Here are 50 ideas that shape my worldview.
These are my guiding principles and the light of my intellectual life. All of them will help you think better, and I hope they inspire curiosity.
Avoiding stupidity is easier than trying to be brilliant. Instead of asking, “How can I help my company?” you should ask, “What’s hurting my company the most and how can I avoid it?” Identify obvious failure points, and steer clear of them.
People often say the opposite of what they mean, especially in political language. It allows people to lie while looking like they’re telling the truth. As George Orwell famously wrote in 1984, “War is peace. Freedom is slavery. Ignorance is strength."
People lie about their true opinions and conform to socially acceptable preferences instead. In private they’ll say one thing. In public, they’ll say another.
A man one sold his soul to a demon in exchange for knowledge. At first, it seemed like a smart trade. But the man lost in the long-run. Tragically, what the man lost was more valuable than what he earned. In short, he won the battle but lost the war.
Humans are like sheep. We don’t know what we want, so we imitate each other. Instead of creating our own desires, we desire the same things as other people. The entire advertising industry built on this idea.
People who are similar are more likely to fight than people who are different. That’s why Civil Wars and family feuds create the worst conflicts. The closer two people are and the more equality between them, the greater the potential for conflict.
Don't copy others. If you work at a for-profit company, work on problems that would not otherwise be solved. If you’re at a non-profit, fix unpopular problems. Life is easier when you don’t compete. (Hint: don’t start another bottled water company).
Society is good at training talent but bad at cultivating genius. Talented people are good at hitting targets others can’t hit, but geniuses find targets others can’t see. They are opposite modes of excellence. Talent is predictable, genius is unpredictable.
Most people think of secrets as Easter eggs. They assume that if a secret is important, it’s necessarily going to be hard to find. The best ideas can come from things that are so well-known that they aren’t well-seen.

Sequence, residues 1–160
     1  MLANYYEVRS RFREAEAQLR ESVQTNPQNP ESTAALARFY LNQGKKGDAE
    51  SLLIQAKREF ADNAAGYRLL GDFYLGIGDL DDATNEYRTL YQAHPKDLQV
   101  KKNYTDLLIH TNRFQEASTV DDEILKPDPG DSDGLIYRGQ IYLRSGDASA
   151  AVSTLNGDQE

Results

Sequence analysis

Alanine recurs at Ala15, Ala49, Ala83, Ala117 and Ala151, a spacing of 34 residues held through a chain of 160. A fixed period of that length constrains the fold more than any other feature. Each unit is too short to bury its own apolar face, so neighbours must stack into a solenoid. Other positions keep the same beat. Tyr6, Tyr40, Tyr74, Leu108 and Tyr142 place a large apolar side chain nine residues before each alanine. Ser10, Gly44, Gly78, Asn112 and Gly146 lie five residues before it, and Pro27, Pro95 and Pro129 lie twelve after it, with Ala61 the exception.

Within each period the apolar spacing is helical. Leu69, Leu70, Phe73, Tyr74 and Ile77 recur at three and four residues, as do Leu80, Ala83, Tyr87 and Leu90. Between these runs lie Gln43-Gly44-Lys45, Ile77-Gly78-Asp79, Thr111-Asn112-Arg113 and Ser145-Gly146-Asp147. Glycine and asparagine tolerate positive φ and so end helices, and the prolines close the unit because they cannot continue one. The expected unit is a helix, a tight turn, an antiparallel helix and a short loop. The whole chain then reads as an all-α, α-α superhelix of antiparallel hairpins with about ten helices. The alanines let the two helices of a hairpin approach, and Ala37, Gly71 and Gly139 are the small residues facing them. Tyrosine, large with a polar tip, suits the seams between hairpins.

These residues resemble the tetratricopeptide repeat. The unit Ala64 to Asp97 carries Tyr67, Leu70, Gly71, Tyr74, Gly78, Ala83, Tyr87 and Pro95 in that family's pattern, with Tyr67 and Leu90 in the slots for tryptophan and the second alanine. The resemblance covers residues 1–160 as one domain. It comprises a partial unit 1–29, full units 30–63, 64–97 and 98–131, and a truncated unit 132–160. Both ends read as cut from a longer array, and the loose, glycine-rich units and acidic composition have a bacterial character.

The structure of our social media feeds blinds us to history, as it causes us to live in an endless cycle of ephemeral content consumption. The structure of the Internet pulls people away from age-old wisdom.
The world always makes sense. But it can be confusing. When it is, your model of the world is wrong. So, things that don’t make sense are a learning opportunity. Big opportunities won’t make sense until it’s too late to profit from them.
Logic is the key to scientific truths, but paradoxes are the key to psychological ones. When it comes to the human condition, the deepest truths are often counter-intuitive. When you find two opposites that are both true, start exploring.
Most marketing strategies have a short window of success, as click-through rates decrease as tactics mature. For example, the first banner-ad has a click-through rate of more than 70%. Now we avoid them with ad-blockers.
Journalists often change the meaning of a sentence by replacing one word with a synonym that implies a different meaning. For example, the same person can support an estate tax but oppose a death tax — even though they are the same thing.
By reading this tweet, you are choosing not to read something else. Everything we do is like this. Doing one thing requires giving up another. Whenever you explicitly choose to do one thing, you implicitly choose not to do another thing.
Science doesn’t progress because people change their views. Rather, each new generation of scientists has different views. As old generations pass away, new ideas are accepted and the scientific consensus changes.
A group of people working on a project will fight over the most trivial ideas. They’ll ignore what’s complicated. For example, instead of approving plans for a complicated spaceship, the team would argue over the color of the astronaut's uniforms.
This idea comes from poker. Don't compete against the best. Choose your opponents carefully. You don’t need to get good at doing difficult things if you get good at avoiding difficult things. If you want to win, pick an easy table, and nail your execution.
When a measure becomes a target, it ceases to be a good measure. One hospital took too long to admit patients so a penalty was given for 4+ hour wait times. In response, ambulance drivers were asked to slow down so they could shorten wait times.
A complex system that works is invariably found to have evolved from a simple system that worked. A complex system designed from scratch never works and cannot be patched up to make it work. You have to start over with a working simple system.
Simple, clear purpose and principles give rise to complex and intelligent behavior. Complex rules and regulations give rise to simple and stupid behavior.